For the USM-based models we use the approach used in Battye et al. (2006) and Battye & Moss (2010). We find that the constraints on the standard six parameters are not significantly affected by the inclusion of the extra string parameter and that there are no significant correlations with other parameters (see Table 3). For the case of Planck data only and using the NAMBU model we find that /c2 < 1.5 × 10-7 and f10 < 0.015, whereas for the AH-mimic model we find that /c2 < 3.6 × 10-7 and f10 < 0.033, with all the upper limits being at 95% confidence level. The 1D marginalised likelihoods for f10 are presented in the upper panels of Fig. 8. The differences between the upper limits for the NAMBU and AH-mimic models is compatible with those seen previously using WMAP 7-year and SDSS data (Battye & Moss 2010). The upper limits from this version of the Planck likelihood are better than those computed from WMAP7+SPT (Dvorkin et al. 2011) and WMAP7+ACT (Dunkley et al. 2011) and are significantly better than those from WMAP7+SDSS (Battye & Moss 2010). Based on the Planck “Blue Book” values for noise levels we predicted (Battye et al. 2008) a limit of /c2 < 6 × 10-8, while the present limit is about a factor of two worse than this. The main reason for this is that the projected limit ignored the need for nuisance parameters to model high foregrounds and that not all the frequency channels have been used. The corresponding limits for the AH model are f10 < 0.028 and /c2 < 3.2 × 10-7.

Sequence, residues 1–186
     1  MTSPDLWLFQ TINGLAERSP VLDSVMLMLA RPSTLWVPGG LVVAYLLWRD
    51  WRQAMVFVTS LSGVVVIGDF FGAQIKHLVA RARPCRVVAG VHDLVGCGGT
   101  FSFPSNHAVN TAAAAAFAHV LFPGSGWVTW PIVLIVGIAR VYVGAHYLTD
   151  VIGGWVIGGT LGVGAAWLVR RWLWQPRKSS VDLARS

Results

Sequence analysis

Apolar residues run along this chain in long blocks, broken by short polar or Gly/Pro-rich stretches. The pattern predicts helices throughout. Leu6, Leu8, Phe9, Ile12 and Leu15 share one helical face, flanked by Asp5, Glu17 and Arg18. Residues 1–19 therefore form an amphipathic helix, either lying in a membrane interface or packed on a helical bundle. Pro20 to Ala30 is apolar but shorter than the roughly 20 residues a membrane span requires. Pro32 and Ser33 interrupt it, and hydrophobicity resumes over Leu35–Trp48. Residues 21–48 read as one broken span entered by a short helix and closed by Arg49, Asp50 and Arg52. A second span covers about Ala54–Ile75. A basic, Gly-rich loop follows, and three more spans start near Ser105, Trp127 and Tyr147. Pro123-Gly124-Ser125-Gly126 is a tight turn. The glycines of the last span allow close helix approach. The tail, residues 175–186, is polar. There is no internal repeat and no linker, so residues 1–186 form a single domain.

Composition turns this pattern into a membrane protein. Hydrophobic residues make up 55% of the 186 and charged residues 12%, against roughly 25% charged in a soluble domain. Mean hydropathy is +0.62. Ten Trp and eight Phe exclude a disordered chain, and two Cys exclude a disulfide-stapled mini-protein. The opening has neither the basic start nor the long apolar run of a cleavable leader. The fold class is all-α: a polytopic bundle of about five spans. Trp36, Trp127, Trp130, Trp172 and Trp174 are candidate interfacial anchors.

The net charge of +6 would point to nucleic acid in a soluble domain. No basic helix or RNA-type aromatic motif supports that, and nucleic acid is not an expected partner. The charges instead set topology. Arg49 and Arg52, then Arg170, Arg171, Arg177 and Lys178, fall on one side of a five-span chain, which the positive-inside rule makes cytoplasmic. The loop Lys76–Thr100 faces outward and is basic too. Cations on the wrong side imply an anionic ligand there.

There is now very little degeneracy between the f10 and nS parameters, something that was not the case for WMAP alone (Battye et al. 2006; Bevis et al. 2008; Urrestilla et al. 2011). This has implication for supersymmetric hybrid inflation models as discussed in Battye et al. (2010) that typically require nS> 0.98. The simplest versions of these models appear to be ruled out. The strongest correlation using the NAMBU and AH mimic models is between f10 and Ωbh2 as illustrated in Fig. 10. For the AH model the correlation between f10 and the amplitude of primordial perturbations, As, is of a comparable magnitude, for all other parameters (including the nuisance parameters) the correlations are even less important. In addition, we find in agreement with Lizarraga et al. (2012), that there are significant correlations between the amount of strings f10 in the AH model and the number of relativistic degrees of freedom Neff as well as between f10 and the primordial helium abundance YHe. We leave a detailed study of these correlations to later work.